Before computers were invented, very little was known about outer space. With the technology we have now, we are learning new things everyday. Computers are used to follow the paths of asteroids and predict their future movements. On 6 December 1997, a mile-wide asteroid was discovered by astronomer Jim Scotti, a member in the University of Arizona's Spacewatch group. He used a 77-year-old telescope along with an electric camera that caught the asteroid on film. He then used a computer specially programmed to look for objects moving against the background of fixed stars. The computer worked so well that Scotti described the asteroid as "sticking out like a sore thumb" (Jaroff 68). His information was relayed to Brian Marsden, a Harvard
astronomer, to determine the course of the asteroid. After many calculations, Marsden's computer showed the rock would pass Earth approximately 600,000 miles away. This may not seem important, but if an asteroid was on a line with Earth, the computer would show us and enable us to deflect the projectile with nuclear power (Jaroff 69). Thus, computers can even help save lives.
In "Spies in the Sky", Bill Sweetman writes about the use of satellites and computers for spying on other countries. On 20 December 1996, three computer operated satellites were released into orbit for use against Iraq. Each one costs 800,000,000 dollars or more, most of which is spent on the computer equipment needed to control them. When the radar data is received from the satellite dish, it has low resolution and lacks clarity. Computer texturing and imaging clear the pictures and even show objects that may be hidden beneath sand, soil, or snow. When resolution was questioned by critics, the American government produced a readable spy photo of a Russian car's license plate (42-48).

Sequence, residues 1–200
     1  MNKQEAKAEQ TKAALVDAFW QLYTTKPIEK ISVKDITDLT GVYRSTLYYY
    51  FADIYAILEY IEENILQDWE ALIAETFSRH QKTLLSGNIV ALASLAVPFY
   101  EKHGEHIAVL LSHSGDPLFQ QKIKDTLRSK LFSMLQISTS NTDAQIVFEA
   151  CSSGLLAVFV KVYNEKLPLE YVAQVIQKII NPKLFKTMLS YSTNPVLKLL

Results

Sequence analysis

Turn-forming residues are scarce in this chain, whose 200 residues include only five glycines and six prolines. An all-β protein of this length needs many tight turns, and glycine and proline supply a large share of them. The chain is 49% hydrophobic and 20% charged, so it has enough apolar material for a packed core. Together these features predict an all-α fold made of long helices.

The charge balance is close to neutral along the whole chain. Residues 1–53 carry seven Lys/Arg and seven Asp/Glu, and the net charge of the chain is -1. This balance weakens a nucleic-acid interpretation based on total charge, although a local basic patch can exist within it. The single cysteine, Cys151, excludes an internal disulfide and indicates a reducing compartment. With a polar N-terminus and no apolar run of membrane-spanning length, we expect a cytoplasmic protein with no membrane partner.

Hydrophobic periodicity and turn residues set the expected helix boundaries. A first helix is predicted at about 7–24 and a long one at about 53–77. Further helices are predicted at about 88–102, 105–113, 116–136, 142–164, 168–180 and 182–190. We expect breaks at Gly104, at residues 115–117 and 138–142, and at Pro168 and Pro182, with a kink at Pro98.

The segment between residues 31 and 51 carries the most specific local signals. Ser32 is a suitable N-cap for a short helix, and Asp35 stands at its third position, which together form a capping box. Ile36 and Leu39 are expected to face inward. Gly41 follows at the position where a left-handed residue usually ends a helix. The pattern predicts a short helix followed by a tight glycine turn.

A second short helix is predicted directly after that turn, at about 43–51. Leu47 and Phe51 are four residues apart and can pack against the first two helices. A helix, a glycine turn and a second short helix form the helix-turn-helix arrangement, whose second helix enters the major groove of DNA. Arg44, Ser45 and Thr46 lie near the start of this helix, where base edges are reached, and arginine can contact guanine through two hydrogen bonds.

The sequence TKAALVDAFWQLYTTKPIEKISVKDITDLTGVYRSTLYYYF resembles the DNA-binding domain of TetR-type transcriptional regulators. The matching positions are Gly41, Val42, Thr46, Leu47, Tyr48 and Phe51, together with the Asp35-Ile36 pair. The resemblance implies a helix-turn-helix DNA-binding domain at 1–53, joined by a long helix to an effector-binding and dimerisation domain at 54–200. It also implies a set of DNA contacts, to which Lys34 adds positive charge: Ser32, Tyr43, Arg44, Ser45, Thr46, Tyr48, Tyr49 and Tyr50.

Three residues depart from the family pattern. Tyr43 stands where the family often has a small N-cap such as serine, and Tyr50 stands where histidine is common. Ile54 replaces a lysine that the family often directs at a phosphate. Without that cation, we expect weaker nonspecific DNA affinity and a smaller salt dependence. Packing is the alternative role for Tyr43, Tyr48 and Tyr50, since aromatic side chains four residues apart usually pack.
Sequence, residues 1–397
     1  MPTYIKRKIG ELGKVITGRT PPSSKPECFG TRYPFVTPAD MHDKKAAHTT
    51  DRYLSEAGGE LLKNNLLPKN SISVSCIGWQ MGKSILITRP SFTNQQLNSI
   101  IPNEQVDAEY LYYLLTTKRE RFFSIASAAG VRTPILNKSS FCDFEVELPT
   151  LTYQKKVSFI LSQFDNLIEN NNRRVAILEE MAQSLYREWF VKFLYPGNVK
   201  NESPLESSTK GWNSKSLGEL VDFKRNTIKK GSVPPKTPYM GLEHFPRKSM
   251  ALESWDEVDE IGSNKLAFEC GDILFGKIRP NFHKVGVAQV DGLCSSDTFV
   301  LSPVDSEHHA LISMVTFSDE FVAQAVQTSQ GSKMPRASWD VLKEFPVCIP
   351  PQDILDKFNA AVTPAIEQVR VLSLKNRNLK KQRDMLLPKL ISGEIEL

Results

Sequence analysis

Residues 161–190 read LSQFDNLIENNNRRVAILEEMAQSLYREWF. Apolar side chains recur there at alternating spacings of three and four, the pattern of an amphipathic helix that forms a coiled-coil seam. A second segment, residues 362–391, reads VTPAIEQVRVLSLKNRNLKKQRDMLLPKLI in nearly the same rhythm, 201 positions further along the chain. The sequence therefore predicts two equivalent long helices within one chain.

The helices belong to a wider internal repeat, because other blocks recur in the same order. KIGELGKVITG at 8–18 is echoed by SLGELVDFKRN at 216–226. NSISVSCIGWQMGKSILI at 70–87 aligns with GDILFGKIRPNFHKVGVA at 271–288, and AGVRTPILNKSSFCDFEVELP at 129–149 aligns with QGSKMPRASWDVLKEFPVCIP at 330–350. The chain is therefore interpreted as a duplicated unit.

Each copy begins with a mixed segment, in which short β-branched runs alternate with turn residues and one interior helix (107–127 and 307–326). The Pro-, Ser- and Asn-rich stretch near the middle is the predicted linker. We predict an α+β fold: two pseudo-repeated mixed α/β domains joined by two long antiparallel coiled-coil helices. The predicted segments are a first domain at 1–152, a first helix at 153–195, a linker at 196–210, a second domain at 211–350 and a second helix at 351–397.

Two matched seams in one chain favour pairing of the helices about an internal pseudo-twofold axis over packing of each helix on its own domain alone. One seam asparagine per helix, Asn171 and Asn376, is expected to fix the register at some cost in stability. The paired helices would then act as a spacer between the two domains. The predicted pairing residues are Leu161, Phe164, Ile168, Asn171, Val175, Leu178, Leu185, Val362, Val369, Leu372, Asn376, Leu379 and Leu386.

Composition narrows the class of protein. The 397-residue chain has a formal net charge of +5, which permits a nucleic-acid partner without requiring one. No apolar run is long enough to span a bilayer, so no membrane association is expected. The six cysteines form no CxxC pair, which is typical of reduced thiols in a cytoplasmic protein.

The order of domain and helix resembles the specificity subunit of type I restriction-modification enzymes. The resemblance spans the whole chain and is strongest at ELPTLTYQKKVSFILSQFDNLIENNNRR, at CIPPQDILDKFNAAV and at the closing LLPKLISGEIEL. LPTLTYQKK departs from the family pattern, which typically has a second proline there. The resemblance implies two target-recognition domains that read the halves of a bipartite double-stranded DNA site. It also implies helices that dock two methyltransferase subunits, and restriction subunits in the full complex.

Computers have also made communications easier than ever. Today, e-mail is beginning to replace the ordinary post office and telephone as a way to keep in touch. E-mail provides the best of both worlds; it is instantaneous and free. Before e-mail, one would have to send a letter that
would take days to arrive, or they would have to use the telephone, which would cost money if the call was long distance. The Internet saves businesses money because they do not have to send out catalogs to thousands of customers (Internet World 48-51).
Automobiles have undergone several changes since computers were put in them. Computers provide options like cruise control, traction control, power steering, anti-lock brakes, and the use of fuel-injected engines. The other options are nice, but fuel-injection is a vast improvement over the older, caurberated engines. Fuel-injected engines give a car more power, better gas mileage, and burn gasoline cleaner (Sherman 61-63). With the help of computers, automobiles run faster, longer, and are safer to the environment.
In the article, "The Big Bank Theory", Joshua Cooper Ramo writes that in the not so distant future, the world's money system could have a major change. It is possible in the next ten years that cash, credit cards, ATM cards, ID cards, insurance cards, all information pertaining to one's medical needs and the amount of money in your possession could all be on a single electronic card(Time 50-51). Conceivably, this idea would make things simpler than the current way of spending. Digital cash has many advantages. Money could be sent over e-mail using a string of digits,
ending the need to balance a checkbook every month....